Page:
It was 1990 and my dad had just won return airfare to Edmonton to see a hockey game. This was back when it still took an entire paycheque to fly there from Yellowknife; back when it actually meant something to go to Edmonton. And it was back before we had a McDonald’s.
My dad worked at Treminco, a short-lived gold mining operation 20-minutes’ drive from town that employed him and 30 others when it was humming between 1989 and 1992. His buddies bugged him about bringing them back some burgers. So he did, stuffing a bag containing a dozen or more Big Macs and Quarter Pounders into the overhead compartment before his flight home. The next morning, a couple muck-covered miners rode the cage up from underground, passing hundreds of feet of Canadian Shield, to devour those reheated burgers for lunch. Others took the frozen delicacies home to save for just the right occasion.
None of this struck me as odd at the time. Nor does it now. Northerners have long gone to great lengths for a taste of that most pervasive aspect of southern living: fast food. Today, you’d be hard-pressed to find a flight to a small community out of Yellowknife without a passenger balancing a dozen or two Tim Hortons donuts in clumsy boxes on their lap. In Iqaluit, a gas bar used to airmail in Big Macs and buckets of KFC chicken, and keep them chilled in a cooler, to sell to anyone with those specific cravings.
A Yellowknife couple, who treated guests to 500 pieces of KFC chicken when they were married 15 years ago in Kugluktuk, Nunavut, have celebrated each anniversary with the Colonel’s 11 herbs and spices ever since.
Why? Because getting your hands on these products that most people look at with disdain is still considered a luxury when you live in a place where they’re unavailable. When I was growing up, the skinny black cable cord that went into the wall fanned the flames of my desire. The endless stream of TV ads—featuring impossibly happy people consuming a symmetrical and meticulously groomed food item shot under immaculate lighting—interrupted Saturday morning cartoons and hockey games. They were a constant reminder of the things we didn’t have in Yellowknife, in the North, of the conveniences always on offer in that land far, far away. In a funny way, biting into one of those faux-flavoured, factory-line burgers made you feel like you were temporarily a part of the rest of the world.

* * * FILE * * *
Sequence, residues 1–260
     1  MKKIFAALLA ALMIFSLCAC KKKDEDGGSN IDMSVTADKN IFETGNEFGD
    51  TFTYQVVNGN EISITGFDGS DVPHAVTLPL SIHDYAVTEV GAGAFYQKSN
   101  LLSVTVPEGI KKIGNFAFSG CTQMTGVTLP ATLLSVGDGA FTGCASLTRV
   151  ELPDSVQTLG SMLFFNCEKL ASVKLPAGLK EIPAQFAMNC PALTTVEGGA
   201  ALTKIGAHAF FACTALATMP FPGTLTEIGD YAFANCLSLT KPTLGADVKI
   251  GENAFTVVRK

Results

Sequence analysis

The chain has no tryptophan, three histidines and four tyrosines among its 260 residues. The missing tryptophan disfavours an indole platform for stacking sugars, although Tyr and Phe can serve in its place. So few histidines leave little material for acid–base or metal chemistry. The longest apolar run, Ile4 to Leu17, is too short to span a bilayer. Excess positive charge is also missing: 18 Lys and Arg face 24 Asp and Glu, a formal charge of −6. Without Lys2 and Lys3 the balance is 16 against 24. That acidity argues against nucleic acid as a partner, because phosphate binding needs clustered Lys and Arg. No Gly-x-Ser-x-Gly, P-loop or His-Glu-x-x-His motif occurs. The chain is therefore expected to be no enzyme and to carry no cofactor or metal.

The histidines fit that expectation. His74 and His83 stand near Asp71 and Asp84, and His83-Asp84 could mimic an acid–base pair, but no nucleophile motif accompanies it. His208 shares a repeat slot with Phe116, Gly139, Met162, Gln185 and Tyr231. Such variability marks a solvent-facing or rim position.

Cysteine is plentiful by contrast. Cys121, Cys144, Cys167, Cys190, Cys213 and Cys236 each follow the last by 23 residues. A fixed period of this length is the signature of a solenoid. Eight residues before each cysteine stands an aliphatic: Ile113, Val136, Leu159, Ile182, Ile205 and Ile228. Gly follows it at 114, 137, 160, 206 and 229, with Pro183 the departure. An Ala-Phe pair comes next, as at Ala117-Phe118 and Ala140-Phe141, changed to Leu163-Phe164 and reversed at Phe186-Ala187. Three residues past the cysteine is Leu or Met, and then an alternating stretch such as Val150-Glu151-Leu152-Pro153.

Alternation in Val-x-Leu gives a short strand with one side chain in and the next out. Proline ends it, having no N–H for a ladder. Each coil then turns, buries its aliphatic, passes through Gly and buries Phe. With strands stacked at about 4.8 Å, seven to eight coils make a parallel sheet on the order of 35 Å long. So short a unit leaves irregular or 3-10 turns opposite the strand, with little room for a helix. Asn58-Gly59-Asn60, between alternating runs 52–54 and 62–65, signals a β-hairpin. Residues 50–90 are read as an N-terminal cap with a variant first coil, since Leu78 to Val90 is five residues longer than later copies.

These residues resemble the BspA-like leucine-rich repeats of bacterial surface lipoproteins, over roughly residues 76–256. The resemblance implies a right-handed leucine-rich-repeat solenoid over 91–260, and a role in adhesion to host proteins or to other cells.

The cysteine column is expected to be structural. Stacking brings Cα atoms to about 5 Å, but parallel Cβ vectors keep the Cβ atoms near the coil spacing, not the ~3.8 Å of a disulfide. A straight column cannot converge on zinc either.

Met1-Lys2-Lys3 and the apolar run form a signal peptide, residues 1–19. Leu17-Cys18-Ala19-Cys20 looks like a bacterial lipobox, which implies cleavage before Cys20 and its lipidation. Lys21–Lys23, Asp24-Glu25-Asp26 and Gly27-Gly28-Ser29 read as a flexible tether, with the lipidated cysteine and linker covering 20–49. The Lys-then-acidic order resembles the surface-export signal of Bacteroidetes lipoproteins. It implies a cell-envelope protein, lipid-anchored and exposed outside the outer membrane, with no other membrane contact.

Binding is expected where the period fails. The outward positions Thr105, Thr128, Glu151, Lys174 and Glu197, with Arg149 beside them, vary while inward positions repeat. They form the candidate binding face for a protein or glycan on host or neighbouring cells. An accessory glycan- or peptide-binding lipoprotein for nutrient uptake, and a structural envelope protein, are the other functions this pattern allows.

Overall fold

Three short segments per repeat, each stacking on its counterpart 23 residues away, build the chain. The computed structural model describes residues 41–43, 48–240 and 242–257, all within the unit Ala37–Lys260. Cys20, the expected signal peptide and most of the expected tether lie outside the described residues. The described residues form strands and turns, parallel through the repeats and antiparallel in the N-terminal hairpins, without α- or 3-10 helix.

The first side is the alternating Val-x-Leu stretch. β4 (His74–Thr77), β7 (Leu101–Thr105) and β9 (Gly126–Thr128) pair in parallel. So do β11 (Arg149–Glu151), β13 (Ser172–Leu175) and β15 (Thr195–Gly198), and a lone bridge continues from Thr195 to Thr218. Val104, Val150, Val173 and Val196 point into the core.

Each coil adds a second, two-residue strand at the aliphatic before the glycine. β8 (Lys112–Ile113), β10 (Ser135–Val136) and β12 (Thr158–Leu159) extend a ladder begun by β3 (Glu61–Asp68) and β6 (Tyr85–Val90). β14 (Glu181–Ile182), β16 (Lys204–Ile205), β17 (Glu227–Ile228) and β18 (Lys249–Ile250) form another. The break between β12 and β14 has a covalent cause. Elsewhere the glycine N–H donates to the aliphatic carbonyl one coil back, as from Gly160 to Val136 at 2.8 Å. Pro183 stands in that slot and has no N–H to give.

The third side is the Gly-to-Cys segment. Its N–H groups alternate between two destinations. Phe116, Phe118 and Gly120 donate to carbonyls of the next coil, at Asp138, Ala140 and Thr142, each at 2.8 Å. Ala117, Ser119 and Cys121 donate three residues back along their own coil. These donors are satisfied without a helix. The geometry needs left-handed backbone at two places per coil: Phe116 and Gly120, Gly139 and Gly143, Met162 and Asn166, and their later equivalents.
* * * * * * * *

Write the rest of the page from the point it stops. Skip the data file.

Yellowknife got its first McDonald’s in 1992. (It now has two.) As a naïve nine-year-old, it was a signal to me the city had made it, that the world had taken notice of our town. And to no one’s surprise, the Yellowknife location immediately started shipping out burgers—dozens, sometimes hundreds at a time—across the Arctic, for the same reasons my dad smuggled them onto his flight home.
Because even though those burgers travelled thousands of kilometres—drying out, cooling down, being frozen and finally reheated—they were still a treat. Just like I imagine the Quarter Pounders tasted so much better to those resurfaced miners, huddled together outside the blue Treminco head frame during their brief and chilly 1990 lunch break, than any burger would to me today in Yellowknife, now that I can get one whenever I want, 24-hours a day, seven-days a week.
Last August, our city mourned the closure of the KFC—our first fast food outlet, which opened back in 1968. Stories flew in from across the territory: the cash-for-chicken exchanges in Fort Smith, NWT, facilitated by flight attendants over the years; bulk thigh-and-drumstick deliveries to mine sites, to communities for weddings and high school graduations. KFC zealots from all over the region paid the store the ultimate tribute in its last days, eating it out of chicken before it closed. Chicken-lovers now have to drive to High Level, Alberta to get their fix.
And they already are. A Yellowknife couple, who treated guests to 500 pieces of KFC chicken when they were married 15 years ago in Kugluktuk, Nunavut, have celebrated each anniversary with the Colonel’s 11 herbs and spices ever since.
In April, Mike Johnston made the 700-kilometre drive each way, just to bring some chicken—15 buckets in all—home to his wife and kids to continue the tradition.
Same as it ever was.